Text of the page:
Due to the nature of this work, one could not just read the book or watch only the movies and get the entire story. Both media are intricately tied together and work to give the reader/viewer a sense of the story and the world of Skeleton Creek. However, even as the reader reaches the end of the book and has watched all of Sarah’s movies, the Skeleton Creek experience is not over.

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Scholastic set to Shock its readers

Harris_TJF.jpgHot on the heels of the launch of the novel series The 39 Clues and its significant online experience aimed at young readers, Scholastic is working together with author M.G. Harris to create an extended experience for the second book in her series “The Joshua Files”, named ICE SHOCK.

“The Joshua Files” is a book series aimed at young readers 10+ years of age, much like 39 Clues. Harris’ first book, Invisible City, was released Feb 4, 2008 in the UK as the first book of this series. Harris drops hints about the upcoming novel and ARG in her website’s blog for her fans – she even asks if they’d rather hear more about Ice Shock‘s upcoming plot, or rumours about the alternate reality game. Harris and Scholastic plan to launch the ARG in March of 2009, and until then, she’ll be keeping her fans occupied and interested with teasers and contests.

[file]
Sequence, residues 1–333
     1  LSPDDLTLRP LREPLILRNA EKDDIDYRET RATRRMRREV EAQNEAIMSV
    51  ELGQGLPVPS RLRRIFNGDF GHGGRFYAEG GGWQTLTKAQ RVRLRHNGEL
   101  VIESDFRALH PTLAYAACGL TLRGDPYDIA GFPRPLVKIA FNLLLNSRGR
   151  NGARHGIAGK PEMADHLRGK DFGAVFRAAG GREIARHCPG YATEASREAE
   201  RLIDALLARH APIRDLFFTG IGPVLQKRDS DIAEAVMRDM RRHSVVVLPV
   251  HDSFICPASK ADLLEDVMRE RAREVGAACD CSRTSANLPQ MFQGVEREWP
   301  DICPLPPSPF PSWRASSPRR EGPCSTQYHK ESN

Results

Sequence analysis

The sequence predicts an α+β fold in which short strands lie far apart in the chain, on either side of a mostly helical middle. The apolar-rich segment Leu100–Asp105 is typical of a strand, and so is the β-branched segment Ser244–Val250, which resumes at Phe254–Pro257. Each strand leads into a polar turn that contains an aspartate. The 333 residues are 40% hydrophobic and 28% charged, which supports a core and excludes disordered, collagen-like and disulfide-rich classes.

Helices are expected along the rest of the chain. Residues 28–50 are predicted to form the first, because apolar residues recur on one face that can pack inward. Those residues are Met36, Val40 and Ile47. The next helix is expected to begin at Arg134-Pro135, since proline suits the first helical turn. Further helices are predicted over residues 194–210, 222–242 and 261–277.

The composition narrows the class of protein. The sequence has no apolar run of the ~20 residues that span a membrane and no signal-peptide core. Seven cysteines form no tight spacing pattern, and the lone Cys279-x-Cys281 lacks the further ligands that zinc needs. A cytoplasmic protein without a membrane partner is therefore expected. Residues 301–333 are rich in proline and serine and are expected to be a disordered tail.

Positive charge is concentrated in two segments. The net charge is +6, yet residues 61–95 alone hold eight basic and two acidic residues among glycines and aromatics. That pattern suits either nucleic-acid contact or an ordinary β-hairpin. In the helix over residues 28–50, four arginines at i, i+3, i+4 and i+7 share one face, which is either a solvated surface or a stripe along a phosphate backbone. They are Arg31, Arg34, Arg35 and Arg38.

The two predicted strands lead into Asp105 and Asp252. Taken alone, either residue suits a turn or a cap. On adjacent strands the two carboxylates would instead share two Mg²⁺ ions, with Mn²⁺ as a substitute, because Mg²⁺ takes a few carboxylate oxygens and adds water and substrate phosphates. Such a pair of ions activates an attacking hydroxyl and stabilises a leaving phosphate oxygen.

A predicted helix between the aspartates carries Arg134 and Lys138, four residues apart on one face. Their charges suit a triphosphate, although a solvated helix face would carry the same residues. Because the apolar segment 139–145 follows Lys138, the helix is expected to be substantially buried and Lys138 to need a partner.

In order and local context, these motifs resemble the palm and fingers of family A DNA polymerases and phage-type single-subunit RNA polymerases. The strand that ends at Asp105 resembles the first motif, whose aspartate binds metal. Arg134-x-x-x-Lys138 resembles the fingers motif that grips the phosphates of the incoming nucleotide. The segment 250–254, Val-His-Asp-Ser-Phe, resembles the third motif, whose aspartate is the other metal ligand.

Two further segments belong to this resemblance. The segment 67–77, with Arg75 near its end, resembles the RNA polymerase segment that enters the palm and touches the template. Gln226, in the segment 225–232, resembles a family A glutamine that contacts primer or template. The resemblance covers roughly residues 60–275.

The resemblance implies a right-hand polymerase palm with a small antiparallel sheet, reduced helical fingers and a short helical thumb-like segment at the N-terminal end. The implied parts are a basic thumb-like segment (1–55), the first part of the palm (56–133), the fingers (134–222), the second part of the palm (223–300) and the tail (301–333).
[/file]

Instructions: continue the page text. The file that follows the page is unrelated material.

At the time of this writing, Harris is running a contest for a bound proof of Ice Shock – using a code key, readers are challenged to find a hidden word in the content of Invisible City. Submit the word and register, and you may win. The contest, however, is only open to residents of the UK and Ireland.

Information about the ARG at this point is fairly hush-hush, but we know it’s coming. Stay tuned to her website for details if/when they’re released.

Invisible City: An ancient civilization is awakening. An ancient Maya prophecy is unfolding. One boy – Joshua – holds the key. When his archaeologist father goes missing in Mexico, Josh suspects alien abduction. But when he realises his dad was murdered, Josh is caught in a race to find the legendary ‘Ix Codex’ – a lost Mayan prophecy which predicts the end of the world.

Ice Shock: Josh is even more certain now that his father’s death was no accident – and he’s starting to wonder if he can really trust his closest allies. When he learns of a secret buried within the Ix Codex, he must journey back to the secret Mexican city of Ek Naab. Shocking news awaits him about the mysterious Bracelet of Itzamna. Did Josh’s dad really take it? And where is it now? Josh has no idea what’s waiting for him…

The ARG (source: mgharris.net): Readers, I have been SO busy with stuff (…) most of all working on the Alternate Reality Game we’re developing to co-launch with ICE SHOCK. That’s right, I said Alternate Reality Game – ARG! Conceptually, our game is a cross between Lonelygirl15 and The Beast. But! It’s a secret. So don’t tell, okay?